view this post on Zulip Adam Topaz (Jan 23 2021 at 14:47):

I would be inclined to use complete normed groups. If we change the definition of k\le k exactness this then changes the statement of the "main" theorem in the repo, and some additional work would be required to prove the equivalence with the original definition for complete normed groups. On the other hand, it's possible we will have to do that additional work anyway...

For what it's worth, we at least have the universal property of completion already in the repo, so my guess is changing the snake lemma to assume completeness would be (slightly) less work.

view this post on Zulip Riccardo Brasca (Jan 23 2021 at 14:52):

I mean something like defining defining is_weak_bdd_exact_for_bdd_degree_above_idx using the ε\varepsilon, proving proposition 9.10 with this one (I am sure it works without troubles) and proving that for complete things is_weak_bdd_exact_for_bdd_degree_above_idx implies is_bdd_exact_for_bdd_degree_above_idx, with a slightly different bound.

view this post on Zulip Riccardo Brasca (Jan 23 2021 at 14:52):

But of course no problem if you think it is better have completed normed groups everywhere

view this post on Zulip Riccardo Brasca (Jan 23 2021 at 19:24):

If someone is interested I have uploaded here https://github.com/leanprover-community/lean-liquid/blob/snake/src/normed_snake.lean some progress to prove the weakened statement that uses is_weak_bdd_exact_for_bdd_degree_above_idx.

view this post on Zulip Riccardo Brasca (Jan 23 2021 at 19:25):

It's rather messy and I put some stupid lemmas before Proposition 9.10 that should be somewhere else, but it really seems that this weakened version poses no trouble

view this post on Zulip Johan Commelin (Jan 23 2021 at 19:40):

@Riccardo Brasca nice work, I'm looking at it now

view this post on Zulip Johan Commelin (Jan 23 2021 at 19:40):

at some point you suggested introducing def is_quotient, and I think this is a good idea.

view this post on Zulip Riccardo Brasca (Jan 23 2021 at 19:43):

Some remark if you really want to read it:
I see that Peter has already updated the file on his website, I am following the following version
image.png

view this post on Zulip Riccardo Brasca (Jan 23 2021 at 19:44):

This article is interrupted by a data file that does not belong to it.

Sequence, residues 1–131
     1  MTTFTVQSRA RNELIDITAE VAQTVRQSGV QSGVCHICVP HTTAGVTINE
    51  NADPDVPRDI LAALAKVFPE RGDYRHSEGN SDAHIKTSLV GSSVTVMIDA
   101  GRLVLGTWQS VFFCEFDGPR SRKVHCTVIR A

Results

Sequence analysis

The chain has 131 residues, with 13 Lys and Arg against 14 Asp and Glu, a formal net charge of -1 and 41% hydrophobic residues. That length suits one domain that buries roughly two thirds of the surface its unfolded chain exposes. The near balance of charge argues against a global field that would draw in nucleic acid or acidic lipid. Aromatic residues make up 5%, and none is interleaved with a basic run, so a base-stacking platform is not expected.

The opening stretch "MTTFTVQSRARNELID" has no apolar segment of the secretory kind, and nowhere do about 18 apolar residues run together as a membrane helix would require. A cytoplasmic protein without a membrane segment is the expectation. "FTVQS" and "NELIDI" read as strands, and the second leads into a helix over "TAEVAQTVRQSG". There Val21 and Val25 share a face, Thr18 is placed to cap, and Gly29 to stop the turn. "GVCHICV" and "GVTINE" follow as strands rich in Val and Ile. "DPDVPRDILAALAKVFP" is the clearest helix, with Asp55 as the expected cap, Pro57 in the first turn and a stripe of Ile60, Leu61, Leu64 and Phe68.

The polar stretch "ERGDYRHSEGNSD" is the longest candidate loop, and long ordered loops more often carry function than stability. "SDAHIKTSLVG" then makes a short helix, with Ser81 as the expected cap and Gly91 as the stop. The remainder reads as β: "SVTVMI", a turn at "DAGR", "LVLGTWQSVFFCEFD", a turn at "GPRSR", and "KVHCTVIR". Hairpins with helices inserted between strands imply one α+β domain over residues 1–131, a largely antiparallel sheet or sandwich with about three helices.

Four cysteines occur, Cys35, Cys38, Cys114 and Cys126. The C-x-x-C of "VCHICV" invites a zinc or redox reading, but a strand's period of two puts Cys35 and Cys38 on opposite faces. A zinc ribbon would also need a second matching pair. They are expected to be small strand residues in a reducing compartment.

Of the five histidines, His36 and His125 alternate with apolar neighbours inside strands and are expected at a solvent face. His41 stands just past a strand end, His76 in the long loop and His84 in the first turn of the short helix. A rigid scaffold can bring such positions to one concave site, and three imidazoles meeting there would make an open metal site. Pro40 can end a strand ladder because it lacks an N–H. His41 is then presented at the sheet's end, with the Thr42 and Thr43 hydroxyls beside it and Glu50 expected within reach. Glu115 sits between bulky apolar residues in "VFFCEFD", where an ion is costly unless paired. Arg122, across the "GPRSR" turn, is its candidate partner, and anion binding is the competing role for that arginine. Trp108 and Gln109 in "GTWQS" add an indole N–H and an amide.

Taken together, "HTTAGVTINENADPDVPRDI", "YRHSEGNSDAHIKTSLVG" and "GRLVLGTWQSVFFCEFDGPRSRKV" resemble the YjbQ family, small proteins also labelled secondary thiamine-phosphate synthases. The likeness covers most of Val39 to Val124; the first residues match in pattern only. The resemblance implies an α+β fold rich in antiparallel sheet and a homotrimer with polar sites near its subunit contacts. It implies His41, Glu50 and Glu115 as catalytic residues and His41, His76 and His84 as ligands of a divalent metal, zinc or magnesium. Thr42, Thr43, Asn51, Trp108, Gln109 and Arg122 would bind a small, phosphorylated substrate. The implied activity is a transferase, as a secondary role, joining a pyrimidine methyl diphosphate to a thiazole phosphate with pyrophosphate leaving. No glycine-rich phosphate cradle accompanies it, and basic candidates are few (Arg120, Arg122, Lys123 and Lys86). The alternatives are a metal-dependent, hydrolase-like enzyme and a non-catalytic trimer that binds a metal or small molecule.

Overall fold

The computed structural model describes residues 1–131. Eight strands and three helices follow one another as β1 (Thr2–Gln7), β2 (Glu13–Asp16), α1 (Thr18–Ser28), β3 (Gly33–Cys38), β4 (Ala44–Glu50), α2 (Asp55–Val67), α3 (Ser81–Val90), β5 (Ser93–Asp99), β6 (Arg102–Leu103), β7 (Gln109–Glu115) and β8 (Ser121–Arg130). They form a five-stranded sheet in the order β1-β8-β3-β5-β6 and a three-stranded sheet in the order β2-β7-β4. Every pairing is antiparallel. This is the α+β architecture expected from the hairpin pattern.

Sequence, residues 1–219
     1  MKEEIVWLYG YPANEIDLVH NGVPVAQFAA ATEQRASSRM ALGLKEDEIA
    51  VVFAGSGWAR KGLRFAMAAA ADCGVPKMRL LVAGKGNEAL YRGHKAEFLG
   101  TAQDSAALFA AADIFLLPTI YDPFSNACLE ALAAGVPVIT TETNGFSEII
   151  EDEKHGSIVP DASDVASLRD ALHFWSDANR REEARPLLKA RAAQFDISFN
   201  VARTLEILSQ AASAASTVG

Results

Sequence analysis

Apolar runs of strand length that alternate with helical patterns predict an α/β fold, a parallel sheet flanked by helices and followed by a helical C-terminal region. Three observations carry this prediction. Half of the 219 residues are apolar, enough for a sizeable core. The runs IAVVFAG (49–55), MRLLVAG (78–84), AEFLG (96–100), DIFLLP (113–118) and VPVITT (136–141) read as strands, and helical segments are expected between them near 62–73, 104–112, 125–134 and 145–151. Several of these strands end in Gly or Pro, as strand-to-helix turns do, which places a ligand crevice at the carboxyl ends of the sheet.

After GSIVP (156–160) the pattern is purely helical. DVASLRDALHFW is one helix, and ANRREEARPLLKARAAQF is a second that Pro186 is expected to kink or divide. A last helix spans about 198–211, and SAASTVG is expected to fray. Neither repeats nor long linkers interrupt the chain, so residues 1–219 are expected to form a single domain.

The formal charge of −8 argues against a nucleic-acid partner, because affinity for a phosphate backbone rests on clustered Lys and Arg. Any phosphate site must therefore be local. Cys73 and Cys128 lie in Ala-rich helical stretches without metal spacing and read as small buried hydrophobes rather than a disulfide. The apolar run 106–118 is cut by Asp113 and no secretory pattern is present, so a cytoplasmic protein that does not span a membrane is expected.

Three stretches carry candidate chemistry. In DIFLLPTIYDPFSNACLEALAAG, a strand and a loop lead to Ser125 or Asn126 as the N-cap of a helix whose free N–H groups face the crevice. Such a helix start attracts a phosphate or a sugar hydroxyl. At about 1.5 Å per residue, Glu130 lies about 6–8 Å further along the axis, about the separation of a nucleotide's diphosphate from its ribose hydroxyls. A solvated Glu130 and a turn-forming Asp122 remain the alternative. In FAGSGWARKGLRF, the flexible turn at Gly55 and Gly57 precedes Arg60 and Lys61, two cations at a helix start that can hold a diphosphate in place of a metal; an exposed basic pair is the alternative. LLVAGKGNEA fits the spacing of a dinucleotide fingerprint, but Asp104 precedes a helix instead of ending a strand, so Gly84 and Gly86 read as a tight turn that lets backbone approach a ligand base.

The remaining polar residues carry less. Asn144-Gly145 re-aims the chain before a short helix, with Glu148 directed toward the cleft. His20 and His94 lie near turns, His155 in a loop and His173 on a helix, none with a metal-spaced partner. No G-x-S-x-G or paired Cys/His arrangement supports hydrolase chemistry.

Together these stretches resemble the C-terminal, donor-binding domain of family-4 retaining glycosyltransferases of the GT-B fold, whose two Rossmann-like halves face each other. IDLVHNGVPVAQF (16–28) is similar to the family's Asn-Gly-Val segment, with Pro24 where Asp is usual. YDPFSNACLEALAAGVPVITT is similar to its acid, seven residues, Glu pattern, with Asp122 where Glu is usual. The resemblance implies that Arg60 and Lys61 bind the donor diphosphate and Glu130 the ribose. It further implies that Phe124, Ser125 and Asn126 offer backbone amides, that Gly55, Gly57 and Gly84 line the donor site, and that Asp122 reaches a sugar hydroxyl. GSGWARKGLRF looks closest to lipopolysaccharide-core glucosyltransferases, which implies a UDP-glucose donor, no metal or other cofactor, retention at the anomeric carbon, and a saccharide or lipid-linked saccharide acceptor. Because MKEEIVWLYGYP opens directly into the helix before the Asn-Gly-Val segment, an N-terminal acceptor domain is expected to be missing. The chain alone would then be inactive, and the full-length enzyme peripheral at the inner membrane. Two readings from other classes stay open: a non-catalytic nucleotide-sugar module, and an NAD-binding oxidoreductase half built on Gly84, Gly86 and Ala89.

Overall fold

The proof stops at the formula before "where similarly mk3ci+2m_{k^3c}''^{i+2} is the differential of..."

view this post on Zulip Riccardo Brasca (Jan 23 2021 at 19:45):

Yes, I think introducing is_quotient will be useful in any case. I think we will the lemma quotient, whose proof can for surely be golfed a lot.

view this post on Zulip Johan Commelin (Jan 23 2021 at 19:48):

so now snake assumes the strong exactness condition, and the result gives the weak version. Should we make the assumptions weak as well?

view this post on Zulip Riccardo Brasca (Jan 23 2021 at 19:53):

Ah, you're right, this is probably harmless. In any case if we really use weak... at some point we need to prove that this implies the non weak version for complete groups

view this post on Zulip Riccardo Brasca (Jan 23 2021 at 19:54):

Also I have the impression that Hf should hold with (hi : i ≤ m + 2) since all our indexes are shifted, but maybe I am lost with all the notation

view this post on Zulip Johan Commelin (Jan 23 2021 at 19:55):

I pushed to your branch: the easy lemma that strong exactness implies weak exactness

view this post on Zulip Johan Commelin (Jan 23 2021 at 19:56):

Riccardo Brasca said:

Also I have the impression that Hf should hold with (hi : i ≤ m + 2) since all our indexes are shifted, but maybe I am lost with all the notation

Ooh, that's a good point. We shouldn't forget about that

view this post on Zulip Riccardo Brasca (Jan 23 2021 at 19:57):

Now I think it's OK :upside_down:

view this post on Zulip Riccardo Brasca (Jan 23 2021 at 20:19):

It's probably better to have let c_new := k * (k * (k * c)), to apply Hf without having to use system_of_complexes.congr a lot

view this post on Zulip Riccardo Brasca (Jan 23 2021 at 21:08):

I've added the inequality before "On the other hand...". It's becoming a little slow... maybe I will try to cut the proof in pieces

view this post on Zulip Kevin Buzzard (Jan 23 2021 at 22:01):

Sometimes slowness can be the fault of just one tactic. Can you push and show me where it's slow? I can try and see if I can see what is making it slow. Trying to write code when you have to wait 5 seconds after every line is not fun

view this post on Zulip Riccardo Brasca (Jan 23 2021 at 22:15):

It's here https://github.com/leanprover-community/lean-liquid/blob/snake/src/normed_snake.lean
Note that I use some other definition in the branch snake.
In any case the code is 1) not that slow, it is still usable 2) very messy and probably difficult to follow

view this post on Zulip Riccardo Brasca (Jan 23 2021 at 22:45):

I am stopping working on it for today. If someone is interested feel free to continue, the end is not that far, but the rest of the work is not that interesting, it's a matter of not getting lost with all the variables and assumptions.

view this post on Zulip Kevin Buzzard (Jan 23 2021 at 23:10):

I'm filling in some sorries

view this post on Zulip Riccardo Brasca (Jan 23 2021 at 23:13):

It's very possible that there is a coherent and clever way of killing a lot of the stupid inequalities I need, I din't really thought about it